of Urine Specimens to Exclude Urinary Tract Infection
|Reviewed by Jodie
Urine collection by bladder stimulation technique
This guideline is intended for
situations where antibiotic therapy needs to be commenced within two days. For other
purposes, e.g. monitoring for infection in asymptomatic infants with
anomalies, infection screen in 'well' infants with risk factors, a bag urine may
suffice if negative on culture.
A suprapubic bladder aspiration
should be attempted. This is considered a reliable method of obtaining urine
for culture in infants. This should be performed prior to handling the baby for
any other invasive procedure. The method is as described in McDonald &
If this is unsuccessful and
other investigations can be delayed, replace the infant's nappy and
reattempt suprapubic aspiration after 30-45 minutes provided that the nappy
is still dry.
If no urine has been
collected after two attempts at suprapubic aspiration of if therapy needs to be
commenced urgently, then a collection by urethral catheterisation should be
Catheterisation should be
performed by a member of the medical or nursing staff who is familiar with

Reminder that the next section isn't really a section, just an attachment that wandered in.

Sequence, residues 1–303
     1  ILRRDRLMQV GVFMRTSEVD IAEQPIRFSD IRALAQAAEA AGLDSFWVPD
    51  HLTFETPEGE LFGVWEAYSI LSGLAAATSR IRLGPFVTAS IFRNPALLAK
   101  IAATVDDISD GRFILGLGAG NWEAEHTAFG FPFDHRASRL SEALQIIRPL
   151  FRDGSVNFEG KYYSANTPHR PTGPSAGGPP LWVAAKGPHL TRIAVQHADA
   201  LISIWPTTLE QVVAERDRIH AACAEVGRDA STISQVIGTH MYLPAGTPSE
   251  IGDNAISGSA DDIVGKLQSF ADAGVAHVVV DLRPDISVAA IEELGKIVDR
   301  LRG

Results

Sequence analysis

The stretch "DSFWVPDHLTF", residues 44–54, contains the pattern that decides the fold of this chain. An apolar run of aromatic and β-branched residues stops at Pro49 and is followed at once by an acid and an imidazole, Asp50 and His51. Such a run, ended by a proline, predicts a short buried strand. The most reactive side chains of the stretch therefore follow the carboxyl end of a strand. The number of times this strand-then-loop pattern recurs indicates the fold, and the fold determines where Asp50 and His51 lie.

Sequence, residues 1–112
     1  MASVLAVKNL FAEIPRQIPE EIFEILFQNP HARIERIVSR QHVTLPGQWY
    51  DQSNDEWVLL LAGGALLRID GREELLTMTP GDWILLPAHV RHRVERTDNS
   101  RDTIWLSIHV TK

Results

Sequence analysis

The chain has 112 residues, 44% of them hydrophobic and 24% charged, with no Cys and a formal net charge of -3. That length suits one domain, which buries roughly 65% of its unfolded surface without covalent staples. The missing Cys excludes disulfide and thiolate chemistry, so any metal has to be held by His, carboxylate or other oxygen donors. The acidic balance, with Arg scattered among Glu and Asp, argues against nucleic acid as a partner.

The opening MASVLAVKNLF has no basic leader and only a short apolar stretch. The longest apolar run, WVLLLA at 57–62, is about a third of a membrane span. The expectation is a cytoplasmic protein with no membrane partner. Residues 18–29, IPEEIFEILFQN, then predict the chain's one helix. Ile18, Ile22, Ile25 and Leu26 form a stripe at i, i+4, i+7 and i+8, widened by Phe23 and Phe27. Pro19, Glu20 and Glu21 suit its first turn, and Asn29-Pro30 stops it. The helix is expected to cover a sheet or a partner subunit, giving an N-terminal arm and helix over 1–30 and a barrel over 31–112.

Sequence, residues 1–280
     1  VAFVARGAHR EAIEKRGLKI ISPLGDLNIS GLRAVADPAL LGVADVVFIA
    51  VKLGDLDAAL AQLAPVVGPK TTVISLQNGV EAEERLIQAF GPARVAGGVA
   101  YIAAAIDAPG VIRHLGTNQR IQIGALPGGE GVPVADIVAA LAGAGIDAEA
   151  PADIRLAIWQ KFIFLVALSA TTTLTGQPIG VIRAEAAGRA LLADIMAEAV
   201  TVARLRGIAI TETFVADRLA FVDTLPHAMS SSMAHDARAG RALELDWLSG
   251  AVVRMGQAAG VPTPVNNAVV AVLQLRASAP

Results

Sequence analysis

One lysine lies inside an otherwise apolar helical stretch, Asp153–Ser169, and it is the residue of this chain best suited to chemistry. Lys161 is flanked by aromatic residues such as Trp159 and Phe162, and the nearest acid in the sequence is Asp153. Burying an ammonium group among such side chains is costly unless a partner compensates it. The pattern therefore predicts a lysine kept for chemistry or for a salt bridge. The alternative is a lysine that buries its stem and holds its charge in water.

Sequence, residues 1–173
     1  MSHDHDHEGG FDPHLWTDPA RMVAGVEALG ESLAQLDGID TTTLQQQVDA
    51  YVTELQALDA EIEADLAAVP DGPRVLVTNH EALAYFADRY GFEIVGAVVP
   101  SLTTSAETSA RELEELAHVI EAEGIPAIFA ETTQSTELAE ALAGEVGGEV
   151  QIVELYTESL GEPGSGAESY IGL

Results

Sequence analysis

the technique (see
catheterisation protocol). An appropriate sized urinary catheter or if not available
size 5 French feeding tube or 3.5 umbilical catheter (in that order of
preference) should be used. Try to use the smallest-diameter catheter to
avoid traumatic complications.
If the catheter does not pass easily, particularly in a baby boy, do not use
force because of the risk of urethral trauma.
Collect specimen for culture. Remove the catheter as soon as possible to
avoid infectious complications.
N.B Feeding Tubes are not to
be left insitu.
Suprapubic Bladder Aspiration and Bladder
Catheterization, In: Atlas of Procedures in Neonatalogy (4th Ed). MacDonald, G.M.
& Ramasethu, J. (Eds), 2009, (pp 108-116).